The tragic circumstances we have seen in care homes during coronavirus have again exposed the fragility of the system. Of course, voices in local government have been shouting for a long time about the financial crisis facing social care arising from the dents made in a can that has now been kicked down the road so many times it is withered and misshapen.
While policymakers have woken up to the challenges facing social care, they seem obsessed with one small part of the issue. Some of the ideas being talked up – particularly those postulating a centralised ‘National Care Service’ – have a narrow view of social care consisting primarily of ensuring the supply of care homes and supporting discharges from healthcare.
There is still a tendency to see social care through the prism of what the health service needs – but the system is far broader. Every day, councils provide care for a range of adults – including those with chronic conditions, mental health impairments, or substance addiction.
For the system to become truly effective it also needs to look at how it is properly integrated with other services – not only health, but housing; children’s services; even economic growth. This can only be done effectively if it is run locally.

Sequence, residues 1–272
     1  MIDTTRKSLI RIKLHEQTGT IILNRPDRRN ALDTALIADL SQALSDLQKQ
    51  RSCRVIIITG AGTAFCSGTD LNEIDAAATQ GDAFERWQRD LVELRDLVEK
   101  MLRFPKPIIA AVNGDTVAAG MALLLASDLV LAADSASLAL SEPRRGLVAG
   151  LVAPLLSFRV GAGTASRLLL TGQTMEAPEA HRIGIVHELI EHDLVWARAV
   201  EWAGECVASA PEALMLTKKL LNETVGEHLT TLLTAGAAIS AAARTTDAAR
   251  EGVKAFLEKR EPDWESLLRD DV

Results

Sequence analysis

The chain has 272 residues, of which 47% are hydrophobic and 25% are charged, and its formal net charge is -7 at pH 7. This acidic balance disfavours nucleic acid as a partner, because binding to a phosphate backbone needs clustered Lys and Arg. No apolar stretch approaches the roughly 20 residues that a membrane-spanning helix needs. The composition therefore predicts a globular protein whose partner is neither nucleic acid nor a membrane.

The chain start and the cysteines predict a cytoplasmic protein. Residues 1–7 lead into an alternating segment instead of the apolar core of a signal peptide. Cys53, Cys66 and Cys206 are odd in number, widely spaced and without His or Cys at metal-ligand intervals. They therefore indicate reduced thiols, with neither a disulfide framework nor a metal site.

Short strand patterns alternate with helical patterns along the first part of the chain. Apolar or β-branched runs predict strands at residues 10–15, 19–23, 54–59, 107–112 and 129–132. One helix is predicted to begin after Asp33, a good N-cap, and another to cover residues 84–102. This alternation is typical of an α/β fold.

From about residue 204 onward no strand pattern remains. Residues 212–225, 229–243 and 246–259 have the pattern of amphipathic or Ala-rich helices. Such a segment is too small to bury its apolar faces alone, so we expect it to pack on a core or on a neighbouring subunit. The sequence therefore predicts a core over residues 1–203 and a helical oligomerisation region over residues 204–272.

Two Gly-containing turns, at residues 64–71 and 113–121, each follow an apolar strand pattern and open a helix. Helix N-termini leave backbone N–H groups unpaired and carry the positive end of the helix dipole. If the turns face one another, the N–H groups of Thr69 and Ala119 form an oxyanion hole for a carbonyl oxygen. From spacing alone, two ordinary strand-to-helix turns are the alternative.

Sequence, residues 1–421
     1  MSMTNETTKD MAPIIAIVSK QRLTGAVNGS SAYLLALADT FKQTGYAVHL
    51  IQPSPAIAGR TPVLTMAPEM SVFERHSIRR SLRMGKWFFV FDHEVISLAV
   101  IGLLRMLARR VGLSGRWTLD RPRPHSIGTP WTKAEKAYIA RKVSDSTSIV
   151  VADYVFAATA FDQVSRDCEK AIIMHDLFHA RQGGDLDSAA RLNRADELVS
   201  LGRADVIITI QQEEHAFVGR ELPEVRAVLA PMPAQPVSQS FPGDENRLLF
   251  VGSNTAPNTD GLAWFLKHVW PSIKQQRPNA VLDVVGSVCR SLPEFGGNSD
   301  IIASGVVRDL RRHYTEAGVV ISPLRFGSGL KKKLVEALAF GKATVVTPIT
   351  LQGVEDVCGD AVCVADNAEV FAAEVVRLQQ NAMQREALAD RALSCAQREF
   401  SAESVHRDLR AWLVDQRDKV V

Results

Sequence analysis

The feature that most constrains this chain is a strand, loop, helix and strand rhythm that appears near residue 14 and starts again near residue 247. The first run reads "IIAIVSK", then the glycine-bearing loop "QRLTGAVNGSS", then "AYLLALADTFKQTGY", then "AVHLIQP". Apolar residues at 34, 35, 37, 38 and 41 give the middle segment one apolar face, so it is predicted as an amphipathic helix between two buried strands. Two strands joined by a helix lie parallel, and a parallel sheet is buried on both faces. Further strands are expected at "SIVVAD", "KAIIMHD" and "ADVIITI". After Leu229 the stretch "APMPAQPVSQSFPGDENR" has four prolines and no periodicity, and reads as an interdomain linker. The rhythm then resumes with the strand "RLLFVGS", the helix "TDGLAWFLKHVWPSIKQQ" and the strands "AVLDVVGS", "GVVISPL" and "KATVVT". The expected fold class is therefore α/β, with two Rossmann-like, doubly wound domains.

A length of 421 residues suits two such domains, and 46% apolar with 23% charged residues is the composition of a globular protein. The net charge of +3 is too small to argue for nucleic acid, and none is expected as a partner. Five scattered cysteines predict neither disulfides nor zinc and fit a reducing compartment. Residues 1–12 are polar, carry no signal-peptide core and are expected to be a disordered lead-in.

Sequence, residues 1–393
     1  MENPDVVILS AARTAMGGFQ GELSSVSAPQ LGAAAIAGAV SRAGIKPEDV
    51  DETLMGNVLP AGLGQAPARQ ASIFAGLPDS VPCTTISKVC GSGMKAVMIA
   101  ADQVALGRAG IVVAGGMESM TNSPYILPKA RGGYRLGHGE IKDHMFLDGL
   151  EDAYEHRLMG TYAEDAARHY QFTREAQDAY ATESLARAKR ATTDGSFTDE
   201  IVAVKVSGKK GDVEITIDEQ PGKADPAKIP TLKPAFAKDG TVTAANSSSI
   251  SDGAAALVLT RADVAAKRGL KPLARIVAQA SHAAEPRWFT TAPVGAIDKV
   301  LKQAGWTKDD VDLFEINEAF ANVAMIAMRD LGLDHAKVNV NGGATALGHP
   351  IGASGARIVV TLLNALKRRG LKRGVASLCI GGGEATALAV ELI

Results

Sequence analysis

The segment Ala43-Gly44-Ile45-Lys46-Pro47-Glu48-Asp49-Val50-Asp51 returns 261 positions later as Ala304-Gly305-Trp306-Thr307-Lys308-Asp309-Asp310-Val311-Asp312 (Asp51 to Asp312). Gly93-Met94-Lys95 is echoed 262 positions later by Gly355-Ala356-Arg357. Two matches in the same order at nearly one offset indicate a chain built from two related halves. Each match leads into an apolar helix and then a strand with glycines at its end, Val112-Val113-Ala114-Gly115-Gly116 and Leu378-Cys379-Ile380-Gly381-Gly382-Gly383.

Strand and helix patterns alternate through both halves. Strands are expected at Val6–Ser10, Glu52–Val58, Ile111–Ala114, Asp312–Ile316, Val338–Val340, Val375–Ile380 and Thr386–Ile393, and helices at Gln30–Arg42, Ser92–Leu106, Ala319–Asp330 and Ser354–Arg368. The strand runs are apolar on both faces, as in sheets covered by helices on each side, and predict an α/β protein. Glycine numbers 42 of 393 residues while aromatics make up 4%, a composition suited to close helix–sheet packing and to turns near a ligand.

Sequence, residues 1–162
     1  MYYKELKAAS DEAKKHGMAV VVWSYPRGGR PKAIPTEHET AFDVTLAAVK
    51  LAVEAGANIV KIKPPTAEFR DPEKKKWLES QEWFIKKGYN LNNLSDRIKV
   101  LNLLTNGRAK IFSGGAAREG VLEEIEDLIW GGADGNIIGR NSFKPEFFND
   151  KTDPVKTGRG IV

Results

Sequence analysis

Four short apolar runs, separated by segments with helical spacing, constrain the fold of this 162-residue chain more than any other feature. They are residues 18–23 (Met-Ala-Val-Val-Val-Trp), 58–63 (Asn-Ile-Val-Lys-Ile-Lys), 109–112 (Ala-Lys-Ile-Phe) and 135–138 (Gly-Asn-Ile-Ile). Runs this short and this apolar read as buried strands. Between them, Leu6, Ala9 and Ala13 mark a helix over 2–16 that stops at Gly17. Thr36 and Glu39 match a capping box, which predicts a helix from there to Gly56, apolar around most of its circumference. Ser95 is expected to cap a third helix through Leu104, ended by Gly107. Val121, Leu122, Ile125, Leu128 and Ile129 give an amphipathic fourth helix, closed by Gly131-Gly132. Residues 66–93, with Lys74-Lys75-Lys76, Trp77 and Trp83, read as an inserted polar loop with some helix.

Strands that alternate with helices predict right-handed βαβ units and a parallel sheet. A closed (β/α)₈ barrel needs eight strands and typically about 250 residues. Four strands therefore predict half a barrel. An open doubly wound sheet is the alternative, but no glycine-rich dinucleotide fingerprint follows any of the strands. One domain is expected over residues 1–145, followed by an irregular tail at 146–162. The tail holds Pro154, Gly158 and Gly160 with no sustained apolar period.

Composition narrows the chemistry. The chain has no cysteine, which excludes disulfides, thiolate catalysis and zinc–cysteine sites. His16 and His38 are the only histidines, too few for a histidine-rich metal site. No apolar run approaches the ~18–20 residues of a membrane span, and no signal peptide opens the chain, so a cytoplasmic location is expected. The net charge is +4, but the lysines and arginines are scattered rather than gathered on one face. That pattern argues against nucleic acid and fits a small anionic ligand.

Perhaps real reform might come from reimagining the present divide between ‘health’ and ‘care’ and instead use the pandemic as a springboard to a new integrated system which is split between ‘acute’ and ‘community’ services.
Yes, sometimes care needs to be in institutions, but increased technological advances mean that in the future it is far more likely to be provided in people’s homes. We need to create a system which can evolve to meet these more sophisticated needs – a good start might be to examine how we can incentivise more ‘retirement communities’, which is persuasively argued in a recent report.
The pandemic has shone a spotlight on social care and the urgent need for reform and as the country looks towards ‘recovery’ it needs to be a key aspect of what we do differently. Government needs to not only resist kicking the present can down the road any further but instead to boot its dented frame into touch for good. Post-COVID, we need an entirely new can.
Jonathan Rallings is senior policy officer for social care at the County Councils’ Network